Who: Shaggy Kentucky kids whose songs are sweet, fizzy and combustible as a can of shook soda. Most of the band’s six members are have barely entered their 20s, and vocalist Alex Kandel, at a mere 18, is only about half as old as the first Ramones record. But the Bowling Green band channels that restlessness into songs that dip and crest like rollercoasters, offsetting big, beefy hooks with schoolyard sing-along choruses. It’s small wonder they’ve already netted touring slots with fellow Kentuckyians (and close friends) Cage the Elephant and played raucous, raved-about shows at South By Southwest.
First Hit: Guitarist and vocalist Tony Smith and drummer Justin Wilson had been toiling thanklessly in the Bowling Green rock scene for years, until Wilson was, quite literally, struck by inspiration. “At this one Fourth of July party, someone sucker-punched Justin,” Smith says. Wilson elaborates: “He was a drummer in a rival band and the guy who stole my ex-girlfriend. So he was kind of my rival already.” With that one unexpected shot to the face, Wilson’s attitude about making music changed. “It made him really angry,” Smith laughs. “It made him want to start making more aggressive music. And I guess I had a reputation of being more of a punk, as opposed to the classic rock-type music he had been playing, so we started hanging out.”
Duo Becomes Trio: The band started with Wilson on vocals, but after a few unremarkable gigs, they quickly felt the need for a change. They found Kandel working as a waitress and doing Adele covers at open mic nights. “One day, they picked me up from school and we all had lunch, and that was how it started,” she says. Although Sleeper Agent’s songs are unthinkable without Kandel’s irresistible Joan-Jett-by-way-of-Karen-O sneer, sharing vocal duties with Smith wasn’t the task for which she was initially recruited. “She was originally supposed to be the bass player,” Smith explains. “But the instrument was too big, and her hands were too small. It was the most depressing moments, looking over at this teenager and thinking, ‘I’m about to kick you out of this band you just joined.’ And then I thought, ‘Well, maybe you can sing.'” The group recruited Lee Williams to handle bass chores, and was rounded out by Scott Gardner on keyboards and lead guitarist Josh Martin.
House Party: Upon graduating college, the group jointly rented a house to bang out some songs in what Smith describes as, “one last drunk summer before we all had to grow up.” At around the same time, producer Jay Joyce, who was mixing Cage the Elephant’s second record, heard an early demo and decided to give the band a call. At first, his offer seemed too good to be true. “He called and asked for some demos, and we were like ‘Yeah, okay, whatever,” Smith recalls. “And then he called back the next day and was like, ‘Where are those demos?’ And I was like, ‘Oh, you really wanted them?'” The group hastily assembled a batch of songs good enough to pique Joyce’s interest, and they soon headed down to his Nashville studio to record the drag-racing garage-pop songs that would become Celabrasion.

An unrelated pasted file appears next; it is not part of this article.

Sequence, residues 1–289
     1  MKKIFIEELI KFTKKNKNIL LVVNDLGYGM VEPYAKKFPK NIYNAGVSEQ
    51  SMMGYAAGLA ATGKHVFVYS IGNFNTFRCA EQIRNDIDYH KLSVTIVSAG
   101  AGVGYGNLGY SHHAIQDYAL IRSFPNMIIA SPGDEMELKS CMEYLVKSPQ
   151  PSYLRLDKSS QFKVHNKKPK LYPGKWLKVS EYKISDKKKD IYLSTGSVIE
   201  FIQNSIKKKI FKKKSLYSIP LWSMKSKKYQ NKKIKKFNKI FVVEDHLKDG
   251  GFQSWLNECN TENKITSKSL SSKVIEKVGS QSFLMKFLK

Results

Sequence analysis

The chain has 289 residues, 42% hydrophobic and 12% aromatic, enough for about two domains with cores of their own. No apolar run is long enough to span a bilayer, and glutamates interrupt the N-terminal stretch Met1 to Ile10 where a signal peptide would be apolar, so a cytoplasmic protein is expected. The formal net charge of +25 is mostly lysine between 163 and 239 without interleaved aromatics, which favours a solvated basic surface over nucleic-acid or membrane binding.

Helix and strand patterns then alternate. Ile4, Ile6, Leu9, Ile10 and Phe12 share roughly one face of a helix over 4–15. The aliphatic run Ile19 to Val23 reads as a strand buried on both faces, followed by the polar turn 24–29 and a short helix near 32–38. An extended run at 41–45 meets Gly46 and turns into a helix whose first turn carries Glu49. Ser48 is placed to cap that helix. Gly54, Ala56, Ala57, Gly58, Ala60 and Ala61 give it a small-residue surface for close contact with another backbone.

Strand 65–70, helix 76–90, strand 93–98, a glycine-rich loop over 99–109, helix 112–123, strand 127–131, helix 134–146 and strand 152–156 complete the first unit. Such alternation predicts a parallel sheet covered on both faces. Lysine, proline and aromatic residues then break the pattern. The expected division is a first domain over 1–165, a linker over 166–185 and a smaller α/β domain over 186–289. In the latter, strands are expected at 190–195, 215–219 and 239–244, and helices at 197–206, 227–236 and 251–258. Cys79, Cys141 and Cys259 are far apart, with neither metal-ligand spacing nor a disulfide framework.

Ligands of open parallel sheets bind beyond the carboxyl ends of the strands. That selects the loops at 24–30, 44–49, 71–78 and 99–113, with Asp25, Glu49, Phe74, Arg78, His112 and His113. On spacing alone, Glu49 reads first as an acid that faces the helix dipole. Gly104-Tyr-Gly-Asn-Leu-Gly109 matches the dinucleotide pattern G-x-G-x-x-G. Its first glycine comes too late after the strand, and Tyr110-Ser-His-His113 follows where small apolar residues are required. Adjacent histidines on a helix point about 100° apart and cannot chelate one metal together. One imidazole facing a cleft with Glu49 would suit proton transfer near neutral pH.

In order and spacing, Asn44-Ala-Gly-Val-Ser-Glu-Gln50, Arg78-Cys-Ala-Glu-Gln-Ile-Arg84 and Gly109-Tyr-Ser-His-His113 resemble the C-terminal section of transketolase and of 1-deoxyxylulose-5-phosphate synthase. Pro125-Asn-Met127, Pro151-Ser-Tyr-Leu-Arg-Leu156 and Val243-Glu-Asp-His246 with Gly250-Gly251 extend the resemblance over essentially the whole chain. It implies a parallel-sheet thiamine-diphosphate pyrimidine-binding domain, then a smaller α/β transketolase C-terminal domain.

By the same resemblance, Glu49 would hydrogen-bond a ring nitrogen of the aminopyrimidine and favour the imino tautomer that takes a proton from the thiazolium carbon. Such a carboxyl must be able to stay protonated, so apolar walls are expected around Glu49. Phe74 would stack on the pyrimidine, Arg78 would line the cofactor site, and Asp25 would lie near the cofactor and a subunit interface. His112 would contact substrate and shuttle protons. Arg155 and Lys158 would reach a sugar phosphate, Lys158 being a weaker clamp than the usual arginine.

Parents Do Just Understand: Kandel went on her first string of tour dates with the band when she was all of 17 years old – an age when most teenagers are having trouble convincing their parents to let them borrow the car. Luckily, Kendel’s mom and dad are cooler than most. “My parents are ridiculously supportive,” she enthuses. “Any time we get a piece of good news, my dad usually knows about it before me because he’s constantly looking up stuff about us online. When the album was released on iTunes he called me and was like, ‘I had to leave work because I had been sitting there for an hour not getting anything done.’ He’d just been reading all the reviews of the record.”
There’s No Place Like Home: More than anything, though, Sleeper Agent is a product of a local scene that both challenges and encourages. They refer to the members of Cage the Elephant as “family,” and ascribe most of their current know-how to taking their licks on the Bowling Green circuit with bands like Morning Teleportation, Schools and Canago. “There’s a real sense of community,” Kandel says. “Everyone’s learning from each other and growing.” Smith concurs, adding, “You hang out with local bands just trying to one up each others songs. You’d be like ‘here’s a song,’ and someone would go, ‘that’s pretty good – but I’ve got this one.’ And you’d go on like that until four in the morning.” Wilson adds: “Or until someone punches you in the face.”